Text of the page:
Owned by Victor Felice, (pronounced Fel-ee-che), a Swiss-American sailor, Tiller and Kites is a commercial sailing school based in Lake Pleasant with all types of boats, from the venerable Star Boats and Flying Scots to Melges and J24s up to three Nacra 17s! And they have 10 Etchells! Tiller and Kites loaned a J24 to an all-female Argentine team to sail 13th at the World Championships in Corpus Christieth and winning the trophy for best female crew. It sponsored and endorsed the efforts of Michelle Lee, a blue water rower who is halfway from Baja to Sydney, Australia, as I write.

Tumbleweed Sailing Club

This operation shares a co-ownership model with the Catalinas at Lake Pleasant. It has enough Catalinas that the boats are available to members almost as if they own one themselves. Bruce the owner also offers a concierge service so many of the chores an owner has before and after a sailing is taken care of. He has big plans to expand the computerized reservation system to other underserved lakes and reservoirs in the West and Midwest in the coming years.

Sailboat shop at Scorpion Bay Marina

Tom Errickson was at this 2nd in the chapter business for 30 years and rides a portable electric bike around the massive marina in Scorpion Bay to give his knees and back a break. But he teaches basic and advanced sailing and as always it was fun to compare the observations of the sailing school owners and discover how similar our opinions are on safety, seamanship and the art of teaching, even though SF Bay is very different from Lake Pleasant .

In the two days I gathered a lot of great data and realized that these were all exceptional organizations tackling challenges that businesses in more traditional places don’t face. Water levels vary by several feet depending on local agricultural needs and available water from the Colorado River, daytime high summer temperatures up to 115 degrees but rarely below 100 degrees, a population in the Phoenix/Scottsdale, Tucson area which is one of the largest in the country but with a population that didn’t grow up sailing and doesn’t realize it’s possible in Arizona. And the immense difficulty of getting instructors properly certified in an area with fewer organizations and sailors than more well-known sailing locations.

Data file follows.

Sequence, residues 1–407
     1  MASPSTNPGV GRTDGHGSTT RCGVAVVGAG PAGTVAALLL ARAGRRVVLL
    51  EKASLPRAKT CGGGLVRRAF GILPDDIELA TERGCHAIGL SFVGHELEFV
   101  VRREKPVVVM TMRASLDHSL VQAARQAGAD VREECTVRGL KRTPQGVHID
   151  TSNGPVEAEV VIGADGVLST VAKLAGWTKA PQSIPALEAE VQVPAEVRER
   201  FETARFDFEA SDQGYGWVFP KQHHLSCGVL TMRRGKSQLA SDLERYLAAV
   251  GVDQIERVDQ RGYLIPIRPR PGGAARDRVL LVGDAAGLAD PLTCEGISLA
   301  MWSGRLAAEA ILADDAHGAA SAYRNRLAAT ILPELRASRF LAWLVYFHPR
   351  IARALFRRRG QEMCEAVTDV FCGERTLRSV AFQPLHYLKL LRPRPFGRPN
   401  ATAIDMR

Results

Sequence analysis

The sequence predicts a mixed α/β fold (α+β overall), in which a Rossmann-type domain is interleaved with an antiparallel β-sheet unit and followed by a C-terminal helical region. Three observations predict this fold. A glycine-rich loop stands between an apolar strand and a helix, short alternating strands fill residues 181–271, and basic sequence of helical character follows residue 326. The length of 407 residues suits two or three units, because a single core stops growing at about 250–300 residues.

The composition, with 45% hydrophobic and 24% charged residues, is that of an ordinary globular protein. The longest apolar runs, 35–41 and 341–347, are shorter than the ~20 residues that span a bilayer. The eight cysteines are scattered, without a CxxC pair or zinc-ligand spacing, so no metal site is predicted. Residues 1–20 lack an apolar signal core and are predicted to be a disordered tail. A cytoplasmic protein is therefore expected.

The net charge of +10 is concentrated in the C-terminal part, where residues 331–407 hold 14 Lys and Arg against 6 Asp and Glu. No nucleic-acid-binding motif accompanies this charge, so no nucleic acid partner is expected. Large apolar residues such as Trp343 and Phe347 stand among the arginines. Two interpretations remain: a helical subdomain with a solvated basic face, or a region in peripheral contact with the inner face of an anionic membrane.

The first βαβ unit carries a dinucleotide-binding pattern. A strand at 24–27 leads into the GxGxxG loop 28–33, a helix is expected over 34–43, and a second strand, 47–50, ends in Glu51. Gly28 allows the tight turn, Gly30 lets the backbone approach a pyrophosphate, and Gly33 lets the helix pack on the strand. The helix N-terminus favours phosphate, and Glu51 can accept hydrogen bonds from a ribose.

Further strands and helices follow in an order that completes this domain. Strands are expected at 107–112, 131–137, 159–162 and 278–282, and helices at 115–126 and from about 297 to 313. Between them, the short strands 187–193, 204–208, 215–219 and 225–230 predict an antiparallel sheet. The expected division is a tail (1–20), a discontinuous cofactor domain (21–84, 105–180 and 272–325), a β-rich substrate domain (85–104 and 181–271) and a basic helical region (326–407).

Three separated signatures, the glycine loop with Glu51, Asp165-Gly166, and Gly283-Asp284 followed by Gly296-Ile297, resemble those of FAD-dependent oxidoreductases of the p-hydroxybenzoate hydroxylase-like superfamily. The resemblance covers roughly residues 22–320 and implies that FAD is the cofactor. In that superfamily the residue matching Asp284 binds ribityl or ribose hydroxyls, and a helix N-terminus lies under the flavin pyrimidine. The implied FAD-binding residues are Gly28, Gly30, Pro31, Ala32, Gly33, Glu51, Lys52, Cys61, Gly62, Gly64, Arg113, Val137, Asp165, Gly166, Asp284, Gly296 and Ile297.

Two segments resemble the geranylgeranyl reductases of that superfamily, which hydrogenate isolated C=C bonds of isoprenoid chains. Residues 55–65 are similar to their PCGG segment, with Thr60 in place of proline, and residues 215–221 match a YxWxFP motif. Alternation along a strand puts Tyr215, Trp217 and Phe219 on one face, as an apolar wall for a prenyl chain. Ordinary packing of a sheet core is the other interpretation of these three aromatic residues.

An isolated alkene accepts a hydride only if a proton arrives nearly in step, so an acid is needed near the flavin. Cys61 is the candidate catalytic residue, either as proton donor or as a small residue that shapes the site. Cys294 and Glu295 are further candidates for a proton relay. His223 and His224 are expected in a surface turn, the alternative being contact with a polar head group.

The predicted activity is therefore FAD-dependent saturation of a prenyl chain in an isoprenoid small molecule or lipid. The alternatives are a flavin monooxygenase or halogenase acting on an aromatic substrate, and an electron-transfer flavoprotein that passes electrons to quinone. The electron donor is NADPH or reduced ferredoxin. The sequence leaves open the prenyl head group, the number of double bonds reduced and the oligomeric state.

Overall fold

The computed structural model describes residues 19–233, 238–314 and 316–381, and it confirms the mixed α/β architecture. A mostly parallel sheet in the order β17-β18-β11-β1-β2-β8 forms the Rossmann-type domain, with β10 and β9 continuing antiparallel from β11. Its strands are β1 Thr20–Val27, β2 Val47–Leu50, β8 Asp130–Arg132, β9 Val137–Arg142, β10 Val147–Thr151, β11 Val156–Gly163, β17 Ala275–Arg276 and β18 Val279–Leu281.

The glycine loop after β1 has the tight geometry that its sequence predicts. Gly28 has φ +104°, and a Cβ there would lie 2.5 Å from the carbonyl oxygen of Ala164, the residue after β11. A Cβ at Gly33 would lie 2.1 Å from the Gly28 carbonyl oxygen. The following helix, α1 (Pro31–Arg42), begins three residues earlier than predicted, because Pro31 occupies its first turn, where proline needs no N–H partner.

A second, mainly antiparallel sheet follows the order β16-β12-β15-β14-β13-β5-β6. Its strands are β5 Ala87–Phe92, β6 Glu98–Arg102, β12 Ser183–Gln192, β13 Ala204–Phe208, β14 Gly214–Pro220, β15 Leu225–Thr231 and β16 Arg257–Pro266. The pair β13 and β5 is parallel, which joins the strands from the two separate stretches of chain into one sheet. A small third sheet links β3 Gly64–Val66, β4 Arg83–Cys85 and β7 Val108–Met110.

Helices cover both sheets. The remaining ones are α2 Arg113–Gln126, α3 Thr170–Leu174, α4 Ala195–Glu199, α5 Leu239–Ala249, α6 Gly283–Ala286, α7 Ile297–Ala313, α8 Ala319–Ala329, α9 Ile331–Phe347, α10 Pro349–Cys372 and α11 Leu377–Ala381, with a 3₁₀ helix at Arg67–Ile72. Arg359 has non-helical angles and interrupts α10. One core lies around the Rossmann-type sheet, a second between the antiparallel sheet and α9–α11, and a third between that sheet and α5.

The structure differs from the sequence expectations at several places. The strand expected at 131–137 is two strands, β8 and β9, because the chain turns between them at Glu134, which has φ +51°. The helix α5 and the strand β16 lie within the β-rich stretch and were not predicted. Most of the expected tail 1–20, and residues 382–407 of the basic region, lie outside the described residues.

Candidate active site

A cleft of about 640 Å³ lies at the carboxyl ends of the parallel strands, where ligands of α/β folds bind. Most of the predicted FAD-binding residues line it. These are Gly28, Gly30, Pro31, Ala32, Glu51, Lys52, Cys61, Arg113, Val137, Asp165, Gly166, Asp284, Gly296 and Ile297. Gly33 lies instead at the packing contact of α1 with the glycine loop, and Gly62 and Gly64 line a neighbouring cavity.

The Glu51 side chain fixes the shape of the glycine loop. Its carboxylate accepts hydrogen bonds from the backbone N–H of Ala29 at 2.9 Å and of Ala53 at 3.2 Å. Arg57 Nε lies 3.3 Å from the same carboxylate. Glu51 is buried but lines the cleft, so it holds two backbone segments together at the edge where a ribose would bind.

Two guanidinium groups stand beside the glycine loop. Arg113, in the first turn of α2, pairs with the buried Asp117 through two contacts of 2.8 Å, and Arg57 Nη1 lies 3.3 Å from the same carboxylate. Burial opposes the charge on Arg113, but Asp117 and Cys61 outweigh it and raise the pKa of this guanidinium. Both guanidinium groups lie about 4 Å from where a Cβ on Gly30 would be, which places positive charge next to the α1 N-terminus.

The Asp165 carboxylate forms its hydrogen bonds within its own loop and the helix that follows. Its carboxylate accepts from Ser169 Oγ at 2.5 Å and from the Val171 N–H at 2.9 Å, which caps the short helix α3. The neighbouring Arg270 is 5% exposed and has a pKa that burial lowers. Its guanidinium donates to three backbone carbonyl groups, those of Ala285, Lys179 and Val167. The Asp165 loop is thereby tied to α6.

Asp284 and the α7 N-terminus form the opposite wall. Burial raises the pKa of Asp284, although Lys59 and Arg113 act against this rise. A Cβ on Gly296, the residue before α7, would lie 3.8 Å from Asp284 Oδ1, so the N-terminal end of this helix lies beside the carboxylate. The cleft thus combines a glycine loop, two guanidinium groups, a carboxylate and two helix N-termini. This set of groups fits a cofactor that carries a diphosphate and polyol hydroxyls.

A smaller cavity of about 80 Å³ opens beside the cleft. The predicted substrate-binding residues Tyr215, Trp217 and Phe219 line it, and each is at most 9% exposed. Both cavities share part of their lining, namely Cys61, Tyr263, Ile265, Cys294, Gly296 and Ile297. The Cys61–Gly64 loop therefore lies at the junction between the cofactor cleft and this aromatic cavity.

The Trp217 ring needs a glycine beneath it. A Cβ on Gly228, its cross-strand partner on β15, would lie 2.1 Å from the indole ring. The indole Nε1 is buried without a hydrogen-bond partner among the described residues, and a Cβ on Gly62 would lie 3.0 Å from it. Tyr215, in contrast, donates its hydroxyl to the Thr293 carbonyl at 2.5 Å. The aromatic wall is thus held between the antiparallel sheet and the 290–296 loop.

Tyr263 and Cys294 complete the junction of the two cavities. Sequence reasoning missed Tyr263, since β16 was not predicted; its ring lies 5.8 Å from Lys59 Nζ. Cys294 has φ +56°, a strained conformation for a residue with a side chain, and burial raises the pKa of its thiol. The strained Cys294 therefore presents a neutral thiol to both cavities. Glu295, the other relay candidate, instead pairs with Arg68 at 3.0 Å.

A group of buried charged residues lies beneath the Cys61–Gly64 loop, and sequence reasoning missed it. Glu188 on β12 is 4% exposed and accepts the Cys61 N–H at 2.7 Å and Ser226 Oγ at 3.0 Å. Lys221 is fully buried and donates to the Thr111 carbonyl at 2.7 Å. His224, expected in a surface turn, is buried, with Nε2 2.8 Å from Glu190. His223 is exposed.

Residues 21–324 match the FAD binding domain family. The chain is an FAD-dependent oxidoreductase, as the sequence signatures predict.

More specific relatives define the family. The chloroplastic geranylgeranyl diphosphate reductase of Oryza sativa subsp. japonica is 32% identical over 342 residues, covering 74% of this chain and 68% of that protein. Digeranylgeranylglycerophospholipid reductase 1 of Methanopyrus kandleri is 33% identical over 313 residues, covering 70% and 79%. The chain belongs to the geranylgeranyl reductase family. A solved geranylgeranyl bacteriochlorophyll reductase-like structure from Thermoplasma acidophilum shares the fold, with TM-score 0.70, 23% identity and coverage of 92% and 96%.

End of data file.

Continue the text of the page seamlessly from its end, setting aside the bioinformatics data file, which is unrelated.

The monthly meeting had the energy of most annual meetings with awards presented, the issuance of US Power Boat Course Certificates as well as the issuance of Basic Sailing Certificates. One of the joys of my position is sharing these milestones with seafarers. The grand prize of the night went to a woman who crewed her family to win the ‘Female Drivers’ regatta, named after Arizona YC founder Ruth Beals, 65 years ago! An amazing legacy started by a woman when women were almost invisible in sailing. Lori Lorenz won the regatta on her brother Dave Newland’s sailboat and I was allowed to present her with the eternal trophy. Very cool.

I was incredibly well received and enjoyed my speech and the wonderful questions and suggestions I received from the audience on Tuesday night. My hosts had a nice glass of wine waiting for me at our table after the speech and I had great conversations with sailors, one a graduate of my old sailing club and another the son of a good friend of the late Bob Billingham. Olympian, sailing guide on the San Francisco Bay and beloved teammate of so many including Paul Cayard.

We all plan to host each other sailing and sailing regattas. I can’t wait to return to the land of the saguaro cactus to sail under its silent gaze.

Rich Jepsen

Chairman of the Board, US Sailing